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That CD, Though

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THE SCENARIO I recently saw a billboard advertising a Certificate of Deposit (CD) at a local bank at an 'amazing' 1.75% rate. That got me curious as to what the best CD rate I could possibly get might be, so I did some looking and found that if I wanted to tie my money up for 5 years, I could get 2.75%*. I suspect that a 2.75% return isn't going to be my path to fortune, but let's do the math and check it out. One thing to know about CDs is that when you put your money in, you can't take it back out (without a penalty) for the length of the term. Basically, in return for giving you a higher interest rate than you'd get on a normal savings account, the bank gets to keep your money for longer, knowing you won't ask for it back for the duration. The question: If I invested $10,000 in a Captial One 5-year CD at 2.75% interest, how much would I have at the end? Assume monthly compounding. * Depending on when you visit the rate-shopping site, you may see different rates than I did.
THE SOLUTION First things first, make sure the calculator is using 12 Payments per Year. N: 60 (5 years is 60 months) I/YR: 2.75 (The CD's rate is 2.75%) PV: -10,000 (I'm investing $10,000 in the CD) PMT: 0 (During the 5 years, I don't give the bank any more money, and they don't pay me, either) FV: (This is what I'm trying to find)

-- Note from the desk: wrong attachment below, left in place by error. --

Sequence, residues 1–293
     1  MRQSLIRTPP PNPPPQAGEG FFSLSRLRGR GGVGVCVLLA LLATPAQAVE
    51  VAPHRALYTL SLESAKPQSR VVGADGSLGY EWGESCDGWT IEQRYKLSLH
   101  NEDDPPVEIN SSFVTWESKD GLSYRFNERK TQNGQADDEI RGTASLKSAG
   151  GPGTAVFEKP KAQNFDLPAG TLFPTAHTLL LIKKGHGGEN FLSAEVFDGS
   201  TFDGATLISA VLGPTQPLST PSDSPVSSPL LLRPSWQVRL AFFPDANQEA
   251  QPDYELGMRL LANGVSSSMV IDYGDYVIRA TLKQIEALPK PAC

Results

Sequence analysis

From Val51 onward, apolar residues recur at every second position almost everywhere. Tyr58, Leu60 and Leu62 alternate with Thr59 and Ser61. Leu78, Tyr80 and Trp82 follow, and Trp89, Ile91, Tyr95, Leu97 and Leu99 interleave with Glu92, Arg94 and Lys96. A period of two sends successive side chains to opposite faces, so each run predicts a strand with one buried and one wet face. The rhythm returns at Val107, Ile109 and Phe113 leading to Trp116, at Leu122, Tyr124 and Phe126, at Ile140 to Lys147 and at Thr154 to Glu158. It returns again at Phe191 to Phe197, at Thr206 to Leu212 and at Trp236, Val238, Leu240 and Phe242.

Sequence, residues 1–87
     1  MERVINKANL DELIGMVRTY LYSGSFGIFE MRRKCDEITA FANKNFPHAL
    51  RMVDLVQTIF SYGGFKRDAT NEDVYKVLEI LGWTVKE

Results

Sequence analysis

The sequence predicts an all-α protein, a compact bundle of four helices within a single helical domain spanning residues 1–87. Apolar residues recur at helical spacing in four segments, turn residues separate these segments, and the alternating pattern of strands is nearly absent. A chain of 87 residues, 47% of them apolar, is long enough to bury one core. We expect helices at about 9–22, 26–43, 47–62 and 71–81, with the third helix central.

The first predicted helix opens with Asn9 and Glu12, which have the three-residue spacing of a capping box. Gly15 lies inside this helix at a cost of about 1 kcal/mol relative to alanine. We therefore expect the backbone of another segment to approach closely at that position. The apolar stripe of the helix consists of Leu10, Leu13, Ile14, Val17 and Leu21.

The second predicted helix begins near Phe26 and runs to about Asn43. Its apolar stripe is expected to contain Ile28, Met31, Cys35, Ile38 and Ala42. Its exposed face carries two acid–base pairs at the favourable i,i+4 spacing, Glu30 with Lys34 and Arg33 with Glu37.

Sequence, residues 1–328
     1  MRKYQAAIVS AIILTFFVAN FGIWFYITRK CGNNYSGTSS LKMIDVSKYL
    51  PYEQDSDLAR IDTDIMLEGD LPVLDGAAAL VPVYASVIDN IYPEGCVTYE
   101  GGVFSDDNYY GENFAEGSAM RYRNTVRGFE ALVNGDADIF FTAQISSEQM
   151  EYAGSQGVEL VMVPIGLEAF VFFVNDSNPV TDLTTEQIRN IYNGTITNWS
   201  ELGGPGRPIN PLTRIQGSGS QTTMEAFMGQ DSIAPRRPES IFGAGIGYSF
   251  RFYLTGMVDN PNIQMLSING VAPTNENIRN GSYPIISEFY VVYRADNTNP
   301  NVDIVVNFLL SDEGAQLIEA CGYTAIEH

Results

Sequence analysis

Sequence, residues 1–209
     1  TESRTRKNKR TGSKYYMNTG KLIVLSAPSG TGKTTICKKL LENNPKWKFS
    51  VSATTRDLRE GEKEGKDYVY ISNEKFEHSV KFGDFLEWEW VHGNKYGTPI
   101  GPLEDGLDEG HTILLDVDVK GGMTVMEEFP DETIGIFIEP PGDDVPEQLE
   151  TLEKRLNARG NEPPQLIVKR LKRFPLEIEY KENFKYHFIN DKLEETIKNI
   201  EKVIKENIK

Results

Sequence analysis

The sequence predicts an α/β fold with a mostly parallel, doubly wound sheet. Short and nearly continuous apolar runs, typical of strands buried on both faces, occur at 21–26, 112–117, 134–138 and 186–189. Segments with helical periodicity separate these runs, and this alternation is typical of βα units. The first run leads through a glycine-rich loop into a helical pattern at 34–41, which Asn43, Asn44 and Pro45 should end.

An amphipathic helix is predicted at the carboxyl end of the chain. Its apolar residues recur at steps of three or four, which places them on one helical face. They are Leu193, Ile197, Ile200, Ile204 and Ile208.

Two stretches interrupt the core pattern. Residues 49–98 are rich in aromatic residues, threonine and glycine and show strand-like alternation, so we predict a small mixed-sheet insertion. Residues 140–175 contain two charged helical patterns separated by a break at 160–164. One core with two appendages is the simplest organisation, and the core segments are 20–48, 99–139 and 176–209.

By the end of the 5 years, my $10,000 initial investment will have grown to a whopping $11,472.21.

A clever marketer might note that you'll make 14.72% (the $1,472 in interest earned is 14.72% of the original $10,000 investment) on your money over the course of 5 years... but that's an overall rate rather than an annualized rate. In the end, the stated 2.75% interest rate on the CD doesn't even beat inflation, so if I've got money available to invest, I'm going to be looking for something far, far better than this CD.

What do you think? Would you get into a CD like this one? Why or why not? Or do you have something you like investing in more? Let us know in the comments!